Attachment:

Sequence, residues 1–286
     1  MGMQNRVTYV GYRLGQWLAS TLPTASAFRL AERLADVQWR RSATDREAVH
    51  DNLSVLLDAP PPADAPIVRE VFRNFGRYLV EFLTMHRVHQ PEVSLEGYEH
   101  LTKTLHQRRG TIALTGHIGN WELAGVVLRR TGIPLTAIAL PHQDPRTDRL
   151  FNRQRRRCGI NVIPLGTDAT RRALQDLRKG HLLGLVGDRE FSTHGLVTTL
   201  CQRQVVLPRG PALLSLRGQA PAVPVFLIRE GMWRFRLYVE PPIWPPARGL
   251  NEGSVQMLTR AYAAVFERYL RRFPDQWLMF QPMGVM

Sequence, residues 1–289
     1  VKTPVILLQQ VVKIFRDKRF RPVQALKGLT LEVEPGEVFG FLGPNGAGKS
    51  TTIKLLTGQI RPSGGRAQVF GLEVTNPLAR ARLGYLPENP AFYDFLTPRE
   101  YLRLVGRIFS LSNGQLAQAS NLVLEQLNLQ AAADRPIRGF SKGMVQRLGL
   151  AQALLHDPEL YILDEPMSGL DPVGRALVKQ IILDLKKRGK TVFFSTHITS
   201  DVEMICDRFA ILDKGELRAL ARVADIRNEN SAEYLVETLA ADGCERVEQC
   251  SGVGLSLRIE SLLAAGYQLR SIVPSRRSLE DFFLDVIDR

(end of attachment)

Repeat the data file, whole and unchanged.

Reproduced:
Sequence, residues 1–286
     1  MGMQNRVTYV GYRLGQWLAS TLPTASAFRL AERLADVQWR RSATDREAVH
    51  DNLSVLLDAP PPADAPIVRE VFRNFGRYLV EFLTMHRVHQ PEVSLEGYEH
   101  LTKTLHQRRG TIALTGHIGN WELAGVVLRR TGIPLTAIAL PHQDPRTDRL
   151  FNRQRRRCGI NVIPLGTDAT RRALQDLRKG HLLGLVGDRE FSTHGLVTTL
   201  CQRQVVLPRG PALLSLRGQA PAVPVFLIRE GMWRFRLYVE PPIWPPARGL
   251  NEGSVQMLTR AYAAVFERYL RRFPDQWLMF QPMGVM

Sequence, residues 1–289
     1  VKTPVILLQQ VVKIFRDKRF RPVQALKGLT LEVEPGEVFG FLGPNGAGKS
    51  TTIKLLTGQI RPSGGRAQVF GLEVTNPLAR ARLGYLPENP AFYDFLTPRE
   101  YLRLVGRIFS LSNGQLAQAS NLVLEQLNLQ AAADRPIRGF SKGMVQRLGL
   151  AQALLHDPEL YILDEPMSGL DPVGRALVKQ IILDLKKRGK TVFFSTHITS
   201  DVEMICDRFA ILDKGELRAL ARVADIRNEN SAEYLVETLA ADGCERVEQC
   251  SGVGLSLRIE SLLAAGYQLR SIVPSRRSLE DFFLDVIDR